As predicted by market analysts, the new oracles of contemporary society, robotics is destined to be one of the most important technological challenges of the near future. Robotics will be used in many fields, from transport to human services and, not least, in the cultural sector.
The MAXXI Museum in Rome fully embraces this transformation. Last May, in fact, following the collaboration with Engineering, the Museum launched Chatbot, a new challenge for its visitors.
This is not one of those robots we normally picture, but a virtual agent similar to the better-known Cortana and Siri. In other words, Chatbot is a software capable of interacting with museum visitors, acting as a guide to their visit. To function, Chatbot only requires a smartphone connected to the Internet and a Facebook profile which, as we know, is available to everyone.
A totem is located in the MAXXI hall, announcing the application: a button generates a code linked to Chatbot which can also be used to collect virtual coins (Museum coins) to spend in the museum. Depending on the final amount (the more you interact with Chatbot, the more coins you collect) the user receives free gifts – a museum ticket and books, for example.
To chat with this virtual guide – the Museum does specify that a human guide remains irreplaceable – visitors must simply search for the museum page on Facebook and send a message. Chatbot answers immediately and after a brief introduction on how to use the application and a page that gives users the choice between English or Italian, visitors can begin to interact in chat. The conversation is not unrestricted, but guided through multiple choice questions from which the user must choose.
Chatbot’s language is simple and conversational, texts are short and provide essential information on the museum and its collections. The user can select which itinerary to follow from the ones suggested and access information about opening hours and tickets. In addition, images, audios and videos are made available which give more detail on topics during the guided visit.
Chatbot accompanies visitors step by step, providing information on the museum space and its itineraries. It is to be noted that such a visiting experience does not require users to be physically present in the museum. The chat, in fact, is active 24 hours a day and can also be used to organise future visits.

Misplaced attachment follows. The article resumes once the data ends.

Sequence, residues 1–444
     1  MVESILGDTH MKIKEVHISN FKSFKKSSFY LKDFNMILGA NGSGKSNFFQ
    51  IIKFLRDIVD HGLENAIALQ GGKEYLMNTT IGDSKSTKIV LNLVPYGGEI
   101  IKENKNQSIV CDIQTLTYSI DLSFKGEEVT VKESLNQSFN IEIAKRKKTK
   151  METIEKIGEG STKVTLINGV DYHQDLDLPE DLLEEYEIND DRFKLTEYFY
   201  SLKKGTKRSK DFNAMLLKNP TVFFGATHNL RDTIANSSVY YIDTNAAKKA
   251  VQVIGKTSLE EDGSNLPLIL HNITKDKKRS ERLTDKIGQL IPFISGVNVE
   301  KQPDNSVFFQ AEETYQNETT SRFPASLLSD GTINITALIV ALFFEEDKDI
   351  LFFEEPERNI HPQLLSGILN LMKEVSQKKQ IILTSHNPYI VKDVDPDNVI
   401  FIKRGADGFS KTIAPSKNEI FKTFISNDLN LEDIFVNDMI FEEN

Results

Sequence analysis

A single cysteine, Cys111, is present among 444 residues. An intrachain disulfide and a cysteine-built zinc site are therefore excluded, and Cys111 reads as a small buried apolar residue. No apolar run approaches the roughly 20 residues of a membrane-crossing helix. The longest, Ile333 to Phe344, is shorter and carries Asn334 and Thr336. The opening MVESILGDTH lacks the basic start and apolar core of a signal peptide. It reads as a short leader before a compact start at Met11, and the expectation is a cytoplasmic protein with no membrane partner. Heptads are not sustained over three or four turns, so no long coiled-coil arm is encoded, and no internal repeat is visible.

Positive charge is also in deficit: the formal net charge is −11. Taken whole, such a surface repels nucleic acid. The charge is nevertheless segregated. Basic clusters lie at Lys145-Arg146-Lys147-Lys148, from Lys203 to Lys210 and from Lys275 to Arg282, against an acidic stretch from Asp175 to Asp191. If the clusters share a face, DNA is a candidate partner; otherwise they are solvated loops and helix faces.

Confronted with such an initiative, we are instinctively tempted to stress the primacy of the living human guide. This is a person who is prepared and trained to establish human contact with visitors, mediating intelligently between them and the cultural heritage, calibrating modes and language, with the added value of the emotive experience and relationship that ensues. To ask these questions, however, in oppositional terms can be misleading, not to say rhetorical.
The museum’s virtual agent service represents a current solution and is available to many Facebook users, one of the most popular social networks in the world. The majority of these users are likely to be young people and adolescents, for whom mediated communication is a way of life. Intercepting this audience is effectively a challenge and, ultimately, an inclusive initiative from the point of view of museum use. The museum is starting to speak a different language. The Chatbot launch, therefore, represents not only another act of social media marketing, but also a project choice.
Above all, MAXXI is moving with the times: by choosing additional modes of communication it comes into closer contact with its visitors in order to understand their tastes and meet their demands in a contemporary way. This is the precise aim of artificial intelligence as it has so far developed. The software is autonomous and always active, created to offer assistance in customer care and promotional information.
At the same time, the Facebook login allows the museum to view visitors’ profiles, gathering data on their age, likes and interests. As Chatbot reminds us, the museum is renewing the promise made at its conception: “The MAXXI Museum is meant as a challenge: to viewing, to the length of stay in the museum and to the concept of a museum itself”.